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Austin at Hopkinson Cundy

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Nick Austin, Aquarium (with briefcase), 2011, acrylic on newspaer, glass, metal fittings, 575 x 785 mm. Austin hang at Hopkinson Cundy Nick Austin, Aquarium (with bottles), 2011, acrylic on newspaer, glass, metal fittings, 575 x 785 mm. Nick Austin, Aquarium (with mug), 2011, acrylic on newspaer, glass, metal fittings, 575 x 785 mm. Nick Austin, Aquarium (with sunglasses), 2011, acrylic on newspaer, glass, metal fittings, 575 x 785 mm. Austin hang at Hopkinson Cundy Nick Austin, Aquarium (with page), 2011, acrylic on newspaer, glass, metal fittings, 575 x 785 mm. Nick Austin, Aquarium (day part of diptych), 2011, acrylic on newspaer, glass, metal fittings, 575 x 785 mm. Nick Austin, The Postie, 2005, concrete, skateboard, shoes, 30 x 650 x 1500 mm

Vaguely surreal, these delicate paintings seem to reference Magritte and de Chirico, as well as mocking the hermeticism of our inwardly focussed, day to day existence. While being whimsical, there is also an implied element of critique, an interpretation about lack of feeling beyond a person's immediate circle of family, workmates and close friends.

Auckland

 

Nick Austin
Not haiku

 

3 February 2011 - 5 March 2011

In this the third exhibition at Hopkinson Cundy, Nick Austin presents a selection of Aquarium paintings, works on pages of the New Zealand Herald he has been making spasmodically since 2007 - for exhibitions in New Zealand and Germany. He has created about eighteen such works altogether. Six of them are here, one of which is a diptych.

Set at a low height and lined up, as if bubbling fixtures in a boardroom, these delicately coloured and finely detailed images of goldfish swimming around various incongruous objects in tanks impress with their humour and imaginative juxtaposition. Vaguely surreal, they seem to reference Magritte and de Chirico, as well as mocking the hermeticism of our inwardly focussed, day to day existence. While being whimsical, there is also an implied element of critique, an interpretation about lack of feeling beyond a person’s immediate circle of family, workmates and close friends.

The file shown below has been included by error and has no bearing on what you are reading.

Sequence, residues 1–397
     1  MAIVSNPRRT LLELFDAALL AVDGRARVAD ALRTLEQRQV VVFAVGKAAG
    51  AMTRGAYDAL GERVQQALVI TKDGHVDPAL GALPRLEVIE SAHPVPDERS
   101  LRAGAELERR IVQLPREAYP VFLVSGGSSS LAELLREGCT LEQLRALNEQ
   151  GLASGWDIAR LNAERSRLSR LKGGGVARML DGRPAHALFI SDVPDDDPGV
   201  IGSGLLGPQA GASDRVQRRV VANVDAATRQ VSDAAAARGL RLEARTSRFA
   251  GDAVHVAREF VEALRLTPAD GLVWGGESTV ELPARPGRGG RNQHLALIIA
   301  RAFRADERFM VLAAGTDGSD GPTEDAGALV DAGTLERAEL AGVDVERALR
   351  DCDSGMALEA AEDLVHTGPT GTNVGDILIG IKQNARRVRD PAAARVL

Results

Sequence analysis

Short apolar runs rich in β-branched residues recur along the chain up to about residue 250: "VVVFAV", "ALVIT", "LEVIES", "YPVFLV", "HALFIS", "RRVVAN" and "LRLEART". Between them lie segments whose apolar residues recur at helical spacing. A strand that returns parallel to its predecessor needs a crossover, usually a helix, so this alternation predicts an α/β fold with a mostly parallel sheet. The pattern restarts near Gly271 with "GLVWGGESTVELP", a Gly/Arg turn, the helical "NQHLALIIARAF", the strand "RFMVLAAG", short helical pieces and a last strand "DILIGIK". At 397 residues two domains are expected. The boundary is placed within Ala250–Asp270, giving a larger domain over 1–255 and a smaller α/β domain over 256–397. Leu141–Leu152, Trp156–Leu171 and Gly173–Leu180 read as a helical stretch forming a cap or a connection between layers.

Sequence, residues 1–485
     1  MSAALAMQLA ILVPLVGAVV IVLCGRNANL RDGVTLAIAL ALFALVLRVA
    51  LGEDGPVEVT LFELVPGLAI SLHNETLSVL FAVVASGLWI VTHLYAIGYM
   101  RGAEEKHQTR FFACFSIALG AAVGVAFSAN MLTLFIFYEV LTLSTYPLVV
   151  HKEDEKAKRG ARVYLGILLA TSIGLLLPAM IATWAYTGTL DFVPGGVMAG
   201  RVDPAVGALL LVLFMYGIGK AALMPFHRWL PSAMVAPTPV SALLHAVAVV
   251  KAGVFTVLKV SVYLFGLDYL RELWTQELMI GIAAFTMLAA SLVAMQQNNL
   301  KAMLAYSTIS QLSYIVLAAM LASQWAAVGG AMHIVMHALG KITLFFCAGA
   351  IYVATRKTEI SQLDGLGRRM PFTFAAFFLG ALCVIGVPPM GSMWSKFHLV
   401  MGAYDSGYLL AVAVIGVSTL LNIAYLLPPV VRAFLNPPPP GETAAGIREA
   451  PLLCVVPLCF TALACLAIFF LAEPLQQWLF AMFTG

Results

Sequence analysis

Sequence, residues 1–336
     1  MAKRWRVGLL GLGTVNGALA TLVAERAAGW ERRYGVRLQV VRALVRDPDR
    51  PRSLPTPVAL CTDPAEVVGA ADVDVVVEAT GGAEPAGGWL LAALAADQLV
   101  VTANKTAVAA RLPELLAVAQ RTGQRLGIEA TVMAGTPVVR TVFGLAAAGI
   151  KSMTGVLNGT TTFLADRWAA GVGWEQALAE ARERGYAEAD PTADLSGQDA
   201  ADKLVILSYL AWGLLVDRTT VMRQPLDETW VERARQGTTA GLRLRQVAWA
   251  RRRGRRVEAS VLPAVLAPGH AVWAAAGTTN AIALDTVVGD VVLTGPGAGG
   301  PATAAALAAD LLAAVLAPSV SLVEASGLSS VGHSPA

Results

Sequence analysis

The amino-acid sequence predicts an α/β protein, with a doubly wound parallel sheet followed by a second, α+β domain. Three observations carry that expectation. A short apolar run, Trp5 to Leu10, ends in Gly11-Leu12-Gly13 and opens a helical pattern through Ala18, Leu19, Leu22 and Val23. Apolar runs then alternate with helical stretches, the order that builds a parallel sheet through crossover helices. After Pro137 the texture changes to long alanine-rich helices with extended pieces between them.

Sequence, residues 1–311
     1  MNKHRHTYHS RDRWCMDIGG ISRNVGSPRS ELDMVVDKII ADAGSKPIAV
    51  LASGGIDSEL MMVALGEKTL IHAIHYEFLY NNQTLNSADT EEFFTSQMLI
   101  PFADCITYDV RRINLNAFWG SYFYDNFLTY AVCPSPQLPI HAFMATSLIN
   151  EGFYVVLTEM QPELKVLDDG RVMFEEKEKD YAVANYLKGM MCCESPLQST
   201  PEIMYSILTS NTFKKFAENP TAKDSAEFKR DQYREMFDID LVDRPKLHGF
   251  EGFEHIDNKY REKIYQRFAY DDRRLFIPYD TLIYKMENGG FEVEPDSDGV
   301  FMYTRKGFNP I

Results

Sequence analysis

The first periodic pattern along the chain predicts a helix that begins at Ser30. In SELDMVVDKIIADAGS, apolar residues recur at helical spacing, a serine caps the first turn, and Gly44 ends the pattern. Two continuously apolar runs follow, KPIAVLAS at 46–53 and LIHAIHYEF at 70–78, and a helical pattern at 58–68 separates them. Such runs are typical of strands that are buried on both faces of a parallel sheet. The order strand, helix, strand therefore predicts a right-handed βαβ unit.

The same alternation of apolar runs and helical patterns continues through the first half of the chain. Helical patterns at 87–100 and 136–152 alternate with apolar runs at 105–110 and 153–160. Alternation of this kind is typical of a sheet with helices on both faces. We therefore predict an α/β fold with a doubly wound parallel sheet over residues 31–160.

The acrylic covered images are pinioned flat against the gallery walls by glass sheets held in place by corner brackets. As the title says, these are ‘not haiku’, and here’s why. Any well executed haiku - according to a commentator on Japanese culture like Roland Barthes - ‘sets a bell ringing’ inside of us…‘the bell, the that’s it, is represented within the haiku itself …the (writing or reading) subject instantaneously (is) struck by the thing itself…there’s no possibility of any inference of meaning, of symbolism; it doesn’t ‘come together’ as a system.’ (The Preparation of The Novel, Columbia paperback 2010, pp.78-79).

Austin’s Aquarium paintings on the other hand are metaphorically loaded through the presence of background newspaper, peculiar painted items (such as sun glasses, wine bottles or briefcase) and colourful fish to encourage interpretation. The meditative process takes time, involving a reading of the half obscured texts, finding the dates, and possibly recalling the news stories of the time of Austin’s image construction. The mind searches out connections.

Of the seven rendered ‘tanks’, two have opaque backgrounds that hide the newspaper, leaving five that are readable. Above all these paintings, at the righthand end of the line at eye level, is a row of much smaller drawings (five in fact)of wriggly ink lines on paper, that paper being conspicuously crinkled because it has been amusingly soaked and left to dry. The horizontal lines look like the waves of the sea and also cursive handwriting from a letter.

The show has been carefully organised so that the elements lock in together to encourage interpretation. There is also a piece of sculpture, The Postie, where a pair of concrete coloured high heels are positioned - as if being worn - on a skateboard resting on a flaking concrete slab. The pumps and concrete match exactly, so you wonder..is the rest of her ‘postie’ clothing concrete coloured too?

This fascinating exhibition sounds simple but in fact it is deceptively varied with a range of rendered fish types, plants, immersed objects and background paint treatments. Seeming at first coolly restrained it still radiates great warmth, encouraging viewer engagement and amply rewarding the curious.

John Hurrell

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